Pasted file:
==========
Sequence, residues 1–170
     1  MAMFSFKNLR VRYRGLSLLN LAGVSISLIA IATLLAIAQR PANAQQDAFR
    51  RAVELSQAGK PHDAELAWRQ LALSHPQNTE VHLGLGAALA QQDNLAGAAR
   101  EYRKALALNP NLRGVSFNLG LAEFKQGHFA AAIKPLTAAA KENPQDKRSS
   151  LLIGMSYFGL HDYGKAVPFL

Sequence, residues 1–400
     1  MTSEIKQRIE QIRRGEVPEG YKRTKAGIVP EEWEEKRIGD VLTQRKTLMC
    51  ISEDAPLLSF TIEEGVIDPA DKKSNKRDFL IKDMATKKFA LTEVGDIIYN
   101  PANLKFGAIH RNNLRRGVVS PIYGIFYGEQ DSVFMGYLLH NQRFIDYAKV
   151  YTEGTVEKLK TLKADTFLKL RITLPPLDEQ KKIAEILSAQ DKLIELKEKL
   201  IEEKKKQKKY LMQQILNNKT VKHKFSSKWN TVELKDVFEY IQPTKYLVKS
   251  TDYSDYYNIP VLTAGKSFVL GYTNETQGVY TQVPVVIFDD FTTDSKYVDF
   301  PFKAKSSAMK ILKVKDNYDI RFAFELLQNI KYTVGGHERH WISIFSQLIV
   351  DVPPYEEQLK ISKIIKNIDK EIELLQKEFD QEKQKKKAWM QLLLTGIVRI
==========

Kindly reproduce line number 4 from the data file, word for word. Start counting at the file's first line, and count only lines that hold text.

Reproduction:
   101  EYRKALALNP NLRGVSFNLG LAEFKQGHFA AAIKPLTAAA KENPQDKRSS